Anti-spam vendors say the new law isn't slowing the torrent of electronic junk mail.
A month after the federal Can-Spam Act went into effect, most anti-spam vendors say that the new legislation hasn't cut down on the glut of junk mail in users' in-boxes.
According to numbers released this week by Brightmail, Postini, and Commtouch, three providers of message-filtering and anti-spam solutions, the amount of spam they've intercepted since the law took effect on Jan. 1 has increased, went unchanged, or fallen by an insignificant amount.
Postini rolled out its January 2004 data on Wednesday, and said that new law or not, spam is still clogging in-boxes. In January, spam accounted for 79% of all the messages that Postini processed for its 2,000-plus business customers, a tiny fall-off from the 80% logged in December 2003.
"The CAN-SPAM Act appears to have had little immediate effect on the amount of unwanted E-mail," said Andrew Lochart, Postini's director of product marketing.
Other anti-spam vendors paint an even more distressing picture of Can-Spam's first month.
Brightmail released its January numbers earlier this week, and said that the amount of spam it stopped increased over the previous month. In January, Brightmail tagged 60% of the messages it processed as spam, a 2% climb over December.
Brightmail's numbers derive from its 300 million users in both businesses and those served by Internet service providers, the company said, as well as its Probe Network, a collection of more than 2 million decoy accounts used to attract spammers.
"We certainly haven't seen a decrease [in spam] since December," said Francois Lavaste, Brightmail's VP of marketing. "But that's not a big surprise."
Expectations of Can-Spam's impact shouldn't be set too high, he said, since legislation is just one component of an anti-spam strategy that should include user education, revised best practices by large commercial mailers, and technology such as anti-spam filters at the gateway.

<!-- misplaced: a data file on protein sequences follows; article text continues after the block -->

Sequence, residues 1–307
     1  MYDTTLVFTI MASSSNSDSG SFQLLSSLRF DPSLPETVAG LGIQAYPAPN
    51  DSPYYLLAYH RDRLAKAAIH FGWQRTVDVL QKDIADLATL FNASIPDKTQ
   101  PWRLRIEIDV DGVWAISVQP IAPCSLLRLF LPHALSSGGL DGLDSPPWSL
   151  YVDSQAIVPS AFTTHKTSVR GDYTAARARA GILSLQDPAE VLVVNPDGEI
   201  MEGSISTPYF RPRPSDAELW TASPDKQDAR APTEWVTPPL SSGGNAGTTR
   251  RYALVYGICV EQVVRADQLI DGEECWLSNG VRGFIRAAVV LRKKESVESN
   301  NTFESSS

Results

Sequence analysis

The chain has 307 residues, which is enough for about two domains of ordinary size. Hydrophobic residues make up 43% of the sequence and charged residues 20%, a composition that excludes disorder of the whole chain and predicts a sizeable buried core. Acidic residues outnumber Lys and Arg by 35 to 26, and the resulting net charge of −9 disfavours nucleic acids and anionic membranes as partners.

"Legislation can deter some spammers," said Lavaste. "But at the same time, everyone should realize that spammers have been using deceptive practices for years." They're good at it, he added, and they'll continue to get better, at least for the foreseeable future.
"I don't expect spammers to give up this year," Lavaste said, noting that they're already reacting to Can-Spam by moving more mailings to remote servers overseas.
Likewise, anti-spam supplier Commtouch noted Wednesday that it saw no change in the amount of spam from January and December.
"The month of January clearly shows that spammers didn't take seriously the Can-Spam legislation, and that the legislation didn't affect the number of spam outbreaks, number of spam messages, and the methods spammers use to get into user inboxes," executive VP Avner Amram said.
In fact, Commtouch has seen spammers turn to new techniques to get their messages through increasingly sophisticated filters. One new method relies on letter substitution in headers, subject lines, and message bodies to blow past content-based anti-spam solutions.
In this new approach, spammers substitute other letters or characters for actual letters of the alphabet, modifying the words enough to slip by filters but not enough to confuse users, who can easily decipher the messages. In such substitutions, spammers may replace "A" with "@," "B" with "8," and scramble other letters.
Still, there are glimmers of hope. "The law is a good start," said Brightmail's Lavaste, but he went on to say that since enforcement is such as crucial aspect in any taming of spam, it may not be until a major spammer is hauled off to jail or fined before spammers wake up and smell the coffee.
"They'll think twice only if the [economic] roadblocks are strong enough," he said, "and when there are direct attacks against them. Down the road, spam will become a non-issue--it will be put back where it belongs, a nuisance rather than a threat against corporate communication--but that's going to take a lot more effort by legislation and filtering technology alike."
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